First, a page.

Other Free Encyclopedias » Online Encyclopedia » Encyclopedia - Featured Articles » Contributed Topics from K-O

Mott, Sir Nevill Francis

research physics electronic disordered

(1905–96) British physicist: discovered aspects of the electronic structure of disordered materials.

Mott’s parents both worked at the Cavendish Laboratory and he studied mathematics at Cambridge. He became a lecturer and Fellow there, working with , and later with in Copenhagen. With H Massey (1908–83) he applied the new quantum mechanics to the scattering of particles in atomic physics, and established this field. At 28 Mott moved to a professorship at Bristol and, influenced by H Jones, became interested in solid-state physics. Close collaboration between theoreticians and experimentalists led to rapid progress. Metal and alloy behaviour (with Jones) and ionic crystals (with R W Gurney) formed the subject of books by Mott. Work during the Second World War led to research on dislocation, defects and material strengths. In 1954 he moved to the Cavendish professorship and started research on the transition between metallic and insulating behaviour (the Mott transition). He decisively shaped the Cavendish Laboratory’s research activities, and ‘retired’ in 1965.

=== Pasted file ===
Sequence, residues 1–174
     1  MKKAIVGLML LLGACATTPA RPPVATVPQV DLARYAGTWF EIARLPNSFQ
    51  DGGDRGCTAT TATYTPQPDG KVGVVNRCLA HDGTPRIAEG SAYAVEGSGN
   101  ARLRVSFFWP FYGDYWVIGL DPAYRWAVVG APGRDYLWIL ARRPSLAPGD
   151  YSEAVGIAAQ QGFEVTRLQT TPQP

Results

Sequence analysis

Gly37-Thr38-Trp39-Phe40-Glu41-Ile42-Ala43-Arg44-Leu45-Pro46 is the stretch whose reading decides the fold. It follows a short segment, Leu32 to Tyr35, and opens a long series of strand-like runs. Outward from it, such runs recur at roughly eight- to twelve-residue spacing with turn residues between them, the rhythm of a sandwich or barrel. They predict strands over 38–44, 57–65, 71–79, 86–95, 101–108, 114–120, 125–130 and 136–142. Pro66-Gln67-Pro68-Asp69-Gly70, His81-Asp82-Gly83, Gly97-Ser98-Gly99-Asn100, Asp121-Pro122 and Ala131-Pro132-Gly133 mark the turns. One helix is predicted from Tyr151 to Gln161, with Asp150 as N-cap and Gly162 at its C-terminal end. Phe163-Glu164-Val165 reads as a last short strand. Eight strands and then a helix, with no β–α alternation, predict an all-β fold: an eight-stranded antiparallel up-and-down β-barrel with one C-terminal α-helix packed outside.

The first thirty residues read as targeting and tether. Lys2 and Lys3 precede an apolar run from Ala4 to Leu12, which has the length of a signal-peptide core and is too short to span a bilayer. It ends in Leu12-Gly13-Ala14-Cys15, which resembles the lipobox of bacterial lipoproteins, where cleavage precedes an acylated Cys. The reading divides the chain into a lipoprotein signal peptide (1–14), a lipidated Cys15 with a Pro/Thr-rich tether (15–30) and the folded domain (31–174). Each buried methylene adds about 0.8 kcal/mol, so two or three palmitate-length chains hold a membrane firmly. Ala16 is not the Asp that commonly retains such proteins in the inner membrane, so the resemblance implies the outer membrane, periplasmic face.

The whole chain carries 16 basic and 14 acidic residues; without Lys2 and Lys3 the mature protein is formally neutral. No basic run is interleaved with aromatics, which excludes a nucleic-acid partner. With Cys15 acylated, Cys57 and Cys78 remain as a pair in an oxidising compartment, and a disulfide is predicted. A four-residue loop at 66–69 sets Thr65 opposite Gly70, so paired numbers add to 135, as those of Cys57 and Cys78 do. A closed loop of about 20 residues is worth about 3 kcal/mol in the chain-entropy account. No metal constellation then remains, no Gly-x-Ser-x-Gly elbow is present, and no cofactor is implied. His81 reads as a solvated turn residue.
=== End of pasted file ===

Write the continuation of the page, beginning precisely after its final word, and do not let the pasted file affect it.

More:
Then at 60 he returned to full-time research, choosing to work on the new area of non-crystalline semiconductors and immediately recognizing the significance of papers on electronic localization. Once again he published a classic text on his interest (with E A Davis), which established a complex but rapidly growing area of research. Mott was knighted in 1962 and shared the 1977 Nobel Prize for physics for his work on the electronic properties of disordered materials.

Mott was one of the major theoretical physicists of the 20th-c, opening new and difficult areas of solid-state physics and materials science. He influenced a generation in showing how to model the complexity of physical problems such as fracture of metals or electronic processes in disordered semiconductors.

Mousey [next] [back] Motion Picture Inpainting on Aged Films - Motion Estimation and Defect Block Detection

User Comments

Your email address will be altered so spam harvesting bots can't read it easily.
Hide my email completely instead?

Cancel or